Academic journal article Planning for Higher Education

Social Media as a Professional Support System for Educational Leaders: Our Google+ Hangout Journey

Academic journal article Planning for Higher Education

Social Media as a Professional Support System for Educational Leaders: Our Google+ Hangout Journey

Article excerpt

We needed to change our practice to meet the needs of our learners.

ONLINE TOOLS ARE COMMONLY USED on college campuses for both student learning and socializing; we set out to purposefully use these tools to support our graduates in the field. We planned for and implemented the use of Google+ Communities and Google+ Hangouts for mentorship, collaboration, and reflection with a cohort of aspiring educational leaders. There were challenges and successes in using Google+; our results have encouraged us to continue along our journey exploring the use of digital tools.

The impetus for this initiative was a grant received by Hamline University's School of Education in Saint Paul, Minnesota. This Minnesota Department of Education (MDE) grant was awarded to address the performance and retention of teachers and administrators in Minnesota schools. Recognizing that university faculty have limited access to their working graduates and acknowledging that faculty knowledge and regular use of digital tools for learning was lagging, our dean of education proposed incorporating technology into the new program. We selected Google+ Communities as the program's platform since social media is widely used for both professional development and networking. In planning for the paradigm shift involved in embracing social media as a tool for learning, we had to confront mind-sets around technology, incorporate technology training, and revamp the pedagogy used in working with graduates. Basically, we needed to change our practice to meet the needs of our learners.


In this age of accountability for K-12 educators, there is an emerging need to ensure that licensed graduates can indeed perform as effective teachers and leaders in U.S. schools and districts. CAEP, the Council for the Accreditation of Educator Preparation (2013), recently revised its standards for the accreditation of education programs. These changes require licensing institutions to collect data from the schools and districts that hire their graduates; universities desiring accreditation by CAEP will be held accountable for their graduates' performance. Therefore, it would be wise for institutions to plan for and help implement graduate support systems in the schools and districts where their licensure graduates teach and lead. Technology can and should play a large part in this effort.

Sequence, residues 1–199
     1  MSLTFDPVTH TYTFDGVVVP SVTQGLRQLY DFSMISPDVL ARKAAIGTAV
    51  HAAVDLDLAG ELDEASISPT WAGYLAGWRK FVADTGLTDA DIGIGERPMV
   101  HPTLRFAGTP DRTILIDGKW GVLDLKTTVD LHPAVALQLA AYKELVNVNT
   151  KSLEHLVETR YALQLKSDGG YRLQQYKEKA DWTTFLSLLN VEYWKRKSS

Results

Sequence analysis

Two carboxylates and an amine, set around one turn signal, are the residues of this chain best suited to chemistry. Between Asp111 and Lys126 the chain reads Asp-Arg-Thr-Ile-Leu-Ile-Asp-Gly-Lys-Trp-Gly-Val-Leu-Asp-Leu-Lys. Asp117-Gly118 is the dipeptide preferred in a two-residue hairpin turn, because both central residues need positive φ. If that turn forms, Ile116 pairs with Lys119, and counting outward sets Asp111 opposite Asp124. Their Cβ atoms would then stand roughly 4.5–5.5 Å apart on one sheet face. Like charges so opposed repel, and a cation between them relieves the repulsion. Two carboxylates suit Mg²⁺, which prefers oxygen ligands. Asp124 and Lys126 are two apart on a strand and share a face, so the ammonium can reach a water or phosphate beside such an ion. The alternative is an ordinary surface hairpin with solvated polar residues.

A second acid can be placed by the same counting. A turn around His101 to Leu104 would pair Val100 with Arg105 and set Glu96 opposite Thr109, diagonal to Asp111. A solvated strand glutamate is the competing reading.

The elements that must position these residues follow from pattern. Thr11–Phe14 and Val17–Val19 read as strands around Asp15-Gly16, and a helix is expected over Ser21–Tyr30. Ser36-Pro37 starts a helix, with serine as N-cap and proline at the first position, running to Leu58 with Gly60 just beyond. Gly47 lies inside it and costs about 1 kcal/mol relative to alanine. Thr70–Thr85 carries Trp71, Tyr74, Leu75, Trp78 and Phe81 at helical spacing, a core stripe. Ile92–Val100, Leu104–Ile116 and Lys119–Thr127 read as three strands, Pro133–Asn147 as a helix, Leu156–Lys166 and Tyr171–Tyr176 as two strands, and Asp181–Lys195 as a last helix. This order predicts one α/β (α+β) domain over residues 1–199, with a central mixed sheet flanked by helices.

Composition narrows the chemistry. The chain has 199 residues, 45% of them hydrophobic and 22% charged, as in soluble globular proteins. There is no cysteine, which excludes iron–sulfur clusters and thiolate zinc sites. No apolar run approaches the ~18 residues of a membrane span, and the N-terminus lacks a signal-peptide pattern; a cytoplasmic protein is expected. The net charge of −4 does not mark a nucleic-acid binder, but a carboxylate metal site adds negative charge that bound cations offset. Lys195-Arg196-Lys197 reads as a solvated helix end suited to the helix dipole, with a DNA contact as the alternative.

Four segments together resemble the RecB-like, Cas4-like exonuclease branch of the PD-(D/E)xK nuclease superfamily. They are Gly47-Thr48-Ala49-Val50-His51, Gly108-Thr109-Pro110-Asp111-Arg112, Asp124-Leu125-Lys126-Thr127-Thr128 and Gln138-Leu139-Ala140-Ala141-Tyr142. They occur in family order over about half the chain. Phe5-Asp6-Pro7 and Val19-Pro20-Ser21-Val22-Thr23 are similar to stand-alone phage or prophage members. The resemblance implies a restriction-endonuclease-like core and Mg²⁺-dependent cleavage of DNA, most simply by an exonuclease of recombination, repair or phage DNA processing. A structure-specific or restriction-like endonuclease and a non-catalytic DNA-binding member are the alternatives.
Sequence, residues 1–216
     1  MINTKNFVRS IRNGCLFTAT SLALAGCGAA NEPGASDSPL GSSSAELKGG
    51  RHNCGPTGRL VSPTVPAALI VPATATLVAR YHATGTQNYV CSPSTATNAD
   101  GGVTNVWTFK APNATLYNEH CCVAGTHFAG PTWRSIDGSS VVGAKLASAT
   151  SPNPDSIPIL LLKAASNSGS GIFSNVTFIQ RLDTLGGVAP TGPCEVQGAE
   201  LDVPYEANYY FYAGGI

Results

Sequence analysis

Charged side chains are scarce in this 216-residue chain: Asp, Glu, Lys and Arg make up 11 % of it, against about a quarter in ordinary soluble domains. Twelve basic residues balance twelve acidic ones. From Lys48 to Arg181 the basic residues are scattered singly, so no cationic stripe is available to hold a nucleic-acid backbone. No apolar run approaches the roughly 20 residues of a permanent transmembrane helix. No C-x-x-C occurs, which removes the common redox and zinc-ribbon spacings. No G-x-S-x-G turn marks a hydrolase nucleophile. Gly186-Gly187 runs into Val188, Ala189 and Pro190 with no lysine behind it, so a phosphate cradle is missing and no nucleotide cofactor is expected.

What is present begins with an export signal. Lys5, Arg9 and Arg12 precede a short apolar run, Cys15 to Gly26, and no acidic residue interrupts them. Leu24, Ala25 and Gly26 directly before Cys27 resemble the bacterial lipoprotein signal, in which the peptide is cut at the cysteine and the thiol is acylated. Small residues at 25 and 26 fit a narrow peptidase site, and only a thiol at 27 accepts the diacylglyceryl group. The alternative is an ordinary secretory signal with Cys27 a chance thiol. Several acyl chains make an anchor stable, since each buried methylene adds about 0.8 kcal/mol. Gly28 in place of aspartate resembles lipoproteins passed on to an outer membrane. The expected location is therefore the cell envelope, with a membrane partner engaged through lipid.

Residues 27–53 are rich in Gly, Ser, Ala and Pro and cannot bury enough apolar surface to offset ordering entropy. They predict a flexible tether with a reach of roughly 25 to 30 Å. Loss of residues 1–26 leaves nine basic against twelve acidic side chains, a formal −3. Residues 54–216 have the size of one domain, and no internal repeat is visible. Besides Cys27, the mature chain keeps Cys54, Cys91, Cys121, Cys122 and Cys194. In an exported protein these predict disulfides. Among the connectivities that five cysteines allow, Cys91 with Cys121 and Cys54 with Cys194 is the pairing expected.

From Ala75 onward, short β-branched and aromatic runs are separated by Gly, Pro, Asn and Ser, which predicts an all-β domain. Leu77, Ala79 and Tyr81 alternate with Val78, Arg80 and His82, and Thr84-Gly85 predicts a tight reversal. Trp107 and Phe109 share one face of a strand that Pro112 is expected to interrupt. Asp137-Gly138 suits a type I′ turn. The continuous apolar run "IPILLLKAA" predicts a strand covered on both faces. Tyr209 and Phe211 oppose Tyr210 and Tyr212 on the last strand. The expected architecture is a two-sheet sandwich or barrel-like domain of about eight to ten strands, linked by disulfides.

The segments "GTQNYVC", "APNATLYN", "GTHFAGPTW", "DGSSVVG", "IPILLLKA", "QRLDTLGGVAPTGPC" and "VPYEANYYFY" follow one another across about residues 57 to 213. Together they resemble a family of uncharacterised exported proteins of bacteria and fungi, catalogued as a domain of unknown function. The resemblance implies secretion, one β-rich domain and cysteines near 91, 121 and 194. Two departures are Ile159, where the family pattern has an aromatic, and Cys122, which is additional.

Our university recently implemented a new program to better address teacher preparation; because of CAEP standards, we now closely monitor effective practices and students' achievement outcomes during their year-long teacher internships and beyond. The need to develop a similar support system for licensed administrators became of great importance to the dean of the School of Education and the faculty coordinator of Hamline's administrative licensure program. As a result, the MDE grant dollars were earmarked for planning and implementing an induction program for new educational leaders.


The MDE grant authorized us to plan and mobilize supports for schools and educational leaders. Our goal was to develop an induction program to validate that our newly licensed administrators were well prepared and supported in their new leadership roles. Planning efforts began with a literature review of district, state, and organizational principal support systems and induction programs across the nation. Research continued by exploring current and past district programs for new leaders in and around the Twin Cities area. The emphasis was on specifically identifying aspects of effective induction programs for new administrators. To continue these efforts with greater focus, we eventually contracted to work with a former facilitator, coach, and mentor who had been involved with administrator development programs throughout the metro area and greater Minnesota for several years. Our grant consultant provided significant insight and guidance in planning our program; he also helped us implement the program in its first year. …

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